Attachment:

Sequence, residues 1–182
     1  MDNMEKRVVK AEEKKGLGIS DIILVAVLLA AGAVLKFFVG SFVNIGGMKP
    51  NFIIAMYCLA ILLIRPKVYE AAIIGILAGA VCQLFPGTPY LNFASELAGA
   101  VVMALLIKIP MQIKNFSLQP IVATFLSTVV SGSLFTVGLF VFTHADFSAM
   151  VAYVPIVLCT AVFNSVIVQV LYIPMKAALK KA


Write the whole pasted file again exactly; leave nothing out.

Sequence, residues 1–182
     1  MDNMEKRVVK AEEKKGLGIS DIILVAVLLA AGAVLKFFVG SFVNIGGMKP
    51  NFIIAMYCLA ILLIRPKVYE AAIIGILAGA VCQLFPGTPY LNFASELAGA
   101  VVMALLIKIP MQIKNFSLQP IVATFLSTVV SGSLFTVGLF VFTHADFSAM
   151  VAYVPIVLCT AVFNSVIVQV LYIPMKAALK KA